Fishing a Swim Jig: The Alabama Shake

A swim jig is a versatile lure that will catch fish all year. Each angler gives his or her own unique flair to how the jig is presented. One method is finally sneaking its way to the mainstream – The Alabama Shake.

To fish a swim jig with the Alabama Shake, you will need to spool your baitcaster with braided line for the best results. Hold the rod at about the 10 o’clock position and bounce the lure continuously all the way back to the boat.

In this article, I will explain the lure, the retrieve and the setup I use to drive bass crazy.

The Swim Jig

I have written many articles and filmed several videos on swim jig fishing. It continues to be a popular topic because the lure works. It’s that simple. 

It doesn’t matter if you are an expert bass angler or a complete novice to the sport, you can pick up a swim jig and catch fish. Most likely on your very first time using it. 

The lure itself looks similar to a regular flipping or pitching jig, but the head design is different. The slender body style is more adept at coming through cover. It really does well when working its way through grass.

The head design also provides for a stable platform as the lure is retrieved back to the boat. A swim jig is considered a horizontal lure, much like a crankbait or a spinnerbait.

Why it Works

Bass are creatures of instinct. They are always on the lookout for an easy meal. This includes times when they are not actively searching for something to chomp on. Big fish are opportunists and if they see something that is going to provide them with needed calories and is easy to take – they often times will.

A swim jig presents itself as prey, notably a baitfish of some sort, that is struggling to stay afloat in the water column. Wounded or struggling fish do not last long in the wild. They are devoured by some sort of predator shortly after their struggles begin. 

This is where a swim jig shines.

The Retrieve

Most swim jig anglers, including myself fish the lure most often with a steady pulsing action. As mentioned earlier, I try to mimic a baitfish that is having a hard time not sinking to the bottom. 

I have written before about using Tom Monsoor’s method that involves the phrase, “Float like a butterfly – sting like a bee.” (Here is another article on Swim Jig fishing.)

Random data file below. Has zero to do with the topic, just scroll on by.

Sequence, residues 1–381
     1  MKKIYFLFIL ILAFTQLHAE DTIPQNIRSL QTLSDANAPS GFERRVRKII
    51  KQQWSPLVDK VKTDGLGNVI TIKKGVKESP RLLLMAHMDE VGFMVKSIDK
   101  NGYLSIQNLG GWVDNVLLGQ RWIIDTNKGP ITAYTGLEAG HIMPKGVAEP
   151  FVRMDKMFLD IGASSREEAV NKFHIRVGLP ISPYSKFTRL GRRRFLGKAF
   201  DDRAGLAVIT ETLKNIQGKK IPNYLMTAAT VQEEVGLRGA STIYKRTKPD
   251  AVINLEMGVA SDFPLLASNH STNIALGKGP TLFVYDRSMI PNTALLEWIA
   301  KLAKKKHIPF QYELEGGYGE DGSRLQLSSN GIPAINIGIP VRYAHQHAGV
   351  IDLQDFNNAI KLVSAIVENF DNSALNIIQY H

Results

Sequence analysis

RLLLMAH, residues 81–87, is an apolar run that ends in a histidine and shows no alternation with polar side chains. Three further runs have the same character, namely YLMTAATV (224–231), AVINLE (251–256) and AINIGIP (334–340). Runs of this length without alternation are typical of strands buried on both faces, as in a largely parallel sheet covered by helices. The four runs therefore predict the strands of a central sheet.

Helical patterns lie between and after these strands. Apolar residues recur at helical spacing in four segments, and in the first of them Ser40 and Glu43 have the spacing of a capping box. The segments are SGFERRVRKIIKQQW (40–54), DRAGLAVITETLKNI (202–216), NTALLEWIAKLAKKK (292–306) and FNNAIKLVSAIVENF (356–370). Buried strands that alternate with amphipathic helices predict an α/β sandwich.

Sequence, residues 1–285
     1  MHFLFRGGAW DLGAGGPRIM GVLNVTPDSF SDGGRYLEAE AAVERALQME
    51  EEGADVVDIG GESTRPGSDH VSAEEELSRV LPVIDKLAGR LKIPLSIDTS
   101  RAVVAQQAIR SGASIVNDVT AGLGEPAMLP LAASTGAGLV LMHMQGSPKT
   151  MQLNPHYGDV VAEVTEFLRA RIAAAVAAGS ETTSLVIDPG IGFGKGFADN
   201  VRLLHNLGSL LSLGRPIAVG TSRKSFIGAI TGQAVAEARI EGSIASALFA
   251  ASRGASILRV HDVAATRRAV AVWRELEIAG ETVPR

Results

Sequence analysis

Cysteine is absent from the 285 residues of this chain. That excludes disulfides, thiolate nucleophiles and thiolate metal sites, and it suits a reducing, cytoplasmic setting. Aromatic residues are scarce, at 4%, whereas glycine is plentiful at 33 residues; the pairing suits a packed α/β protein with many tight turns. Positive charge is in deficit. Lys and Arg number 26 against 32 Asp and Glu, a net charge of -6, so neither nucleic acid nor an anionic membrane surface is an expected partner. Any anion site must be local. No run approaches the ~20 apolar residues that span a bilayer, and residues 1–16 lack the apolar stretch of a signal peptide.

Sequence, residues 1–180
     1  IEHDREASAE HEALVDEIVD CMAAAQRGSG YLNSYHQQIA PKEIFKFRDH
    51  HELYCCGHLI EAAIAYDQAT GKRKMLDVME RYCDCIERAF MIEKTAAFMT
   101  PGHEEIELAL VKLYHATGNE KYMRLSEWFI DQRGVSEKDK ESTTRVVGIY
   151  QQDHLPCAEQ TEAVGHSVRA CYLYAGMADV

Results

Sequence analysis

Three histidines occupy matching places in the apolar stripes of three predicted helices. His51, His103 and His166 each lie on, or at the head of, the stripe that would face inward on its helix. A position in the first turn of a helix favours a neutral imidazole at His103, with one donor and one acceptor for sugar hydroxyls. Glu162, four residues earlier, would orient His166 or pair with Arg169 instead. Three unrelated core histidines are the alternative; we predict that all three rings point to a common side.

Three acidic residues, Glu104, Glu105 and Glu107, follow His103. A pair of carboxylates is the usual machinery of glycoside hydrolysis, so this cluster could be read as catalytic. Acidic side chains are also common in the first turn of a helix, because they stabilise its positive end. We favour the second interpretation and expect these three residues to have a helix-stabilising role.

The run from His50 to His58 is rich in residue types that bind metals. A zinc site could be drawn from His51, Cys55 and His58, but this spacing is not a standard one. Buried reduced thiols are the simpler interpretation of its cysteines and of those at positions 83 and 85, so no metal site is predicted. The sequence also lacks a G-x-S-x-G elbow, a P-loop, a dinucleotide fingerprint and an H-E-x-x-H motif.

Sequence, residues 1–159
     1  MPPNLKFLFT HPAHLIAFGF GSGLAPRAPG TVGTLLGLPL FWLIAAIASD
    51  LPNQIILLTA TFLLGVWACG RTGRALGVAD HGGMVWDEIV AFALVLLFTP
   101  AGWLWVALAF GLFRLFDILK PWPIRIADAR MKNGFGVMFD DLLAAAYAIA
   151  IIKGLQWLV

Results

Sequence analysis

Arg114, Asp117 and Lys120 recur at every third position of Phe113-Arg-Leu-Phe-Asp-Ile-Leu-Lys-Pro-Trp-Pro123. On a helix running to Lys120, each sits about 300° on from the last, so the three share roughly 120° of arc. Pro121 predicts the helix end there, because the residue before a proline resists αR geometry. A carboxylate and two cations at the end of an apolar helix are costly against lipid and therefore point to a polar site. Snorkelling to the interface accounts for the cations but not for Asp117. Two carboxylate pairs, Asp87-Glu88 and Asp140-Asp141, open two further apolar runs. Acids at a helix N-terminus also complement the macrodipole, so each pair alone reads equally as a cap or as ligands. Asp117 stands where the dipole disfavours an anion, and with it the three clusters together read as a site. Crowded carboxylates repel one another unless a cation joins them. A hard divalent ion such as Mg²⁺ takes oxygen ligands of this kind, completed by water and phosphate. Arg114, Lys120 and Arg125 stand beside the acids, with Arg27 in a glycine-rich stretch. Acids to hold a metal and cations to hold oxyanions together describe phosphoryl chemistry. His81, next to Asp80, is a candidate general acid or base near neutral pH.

The Alabama Shake

I first mentioned this method in the summer of 2019. Randy Howell, a noted Bass Pro Tour professional and Alabama resident, has talked about this retrieval style quite often.

Most recently, in a Major League Fishing article, Mark Daniels Jr. mentioned the Alabama Shake. 

Daniels, originally a native of California, moved to Alabama to centralize his tournament fishing and ease the long drive from the west coast. He picked up the style from another native, Clent Davis, who was fishing with Daniels.

He goes on to mention in the MLF article that he rarely sees this method being used outside of his adopted state.

How it is Done

I like to use a swim jig in the ¼ oz range. Many anglers prefer a ⅜ oz, but you can experiment to see what you have the best luck with. 

You also want to match the jig with a trailer that allows for plenty of action. I have found that a twin-tail grub, craw, or creature bait all work well. The appendages are easy to bounce and draw plenty of attention. 

Keep the rod at about the 10 o’clock position and bounce the tip as fast as you can. It doesn’t take much action with your wrist to get the lure to dance in the water. Keep a steady retrieve to reel up the slack line that you create with the bouncing lure. 

It can be an exhausting way to fish a swim jig, but you will quickly build up the endurance needed. 

Braided line is the best choice for this presentation. It has zero stretch and transfers energy right to the lure.

The Line

To transfer the most energy to the lure, braided line is by far the preferred choice of Alabama Shakers. There is no stretch and it allows for maximum sensitivity. Fluorocarbon can also be used, but there is little need to be invisible with this style. 

Monofilament is not a great choice because of the stretch that is inherent to mono. 

Using braided line also helps on the hookset. 

With the rod in the position needed to bounce the lure, it is easy to let your mind wander and put yourself in a situation where a hookset may not be easy to do. The braided line will transfer your kinetic energy right to the lure quickly and efficiently. 

The Rod

For this technique, I like to use a Medium Heavy power rated rod with an Xtra Fast or Fast action. Just like with the line, using a rod with a little more backbone transfers energy to the lure. 

I do not want a parabolic rod that absorbs the energy I am using. It will only make it that much more difficult to get the shake needed on the lure.

The Reel

I have fished this particular style with a range of reel gear ratios and find that I prefer something around that 7.2:1. You can experiment with your different setups and let me know what you like.

Final Thoughts

There is no doubt that the Alabama Shake can drive bass crazy. It takes time to build up the endurance needed to fish this way for any length of time, but when you get the arm-ripping strikes it can draw from bass, I’m guessing you may find the energy to keep going.

Experiment with this retrieve around different types of cover and structure. See where it has the best response on your home waters. 

Good luck, be safe and make sure to go out and encourage someone today. You never know how you may just change their life forever. 

Isaiah 6:8

Steve Rogers

Steve spends his time filming and writing about bass fishing. You may even see him in your area. If so, stop and say "hi."

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